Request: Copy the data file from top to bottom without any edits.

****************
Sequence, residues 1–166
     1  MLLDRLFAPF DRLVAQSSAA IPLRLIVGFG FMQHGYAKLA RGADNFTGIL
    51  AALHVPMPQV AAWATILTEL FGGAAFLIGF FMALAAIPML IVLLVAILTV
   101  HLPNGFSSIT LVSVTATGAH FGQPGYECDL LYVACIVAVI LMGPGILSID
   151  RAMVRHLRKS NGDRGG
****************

Sequence, residues 1–166
     1  MLLDRLFAPF DRLVAQSSAA IPLRLIVGFG FMQHGYAKLA RGADNFTGIL
    51  AALHVPMPQV AAWATILTEL FGGAAFLIGF FMALAAIPML IVLLVAILTV
   101  HLPNGFSSIT LVSVTATGAH FGQPGYECDL LYVACIVAVI LMGPGILSID
   151  RAMVRHLRKS NGDRGG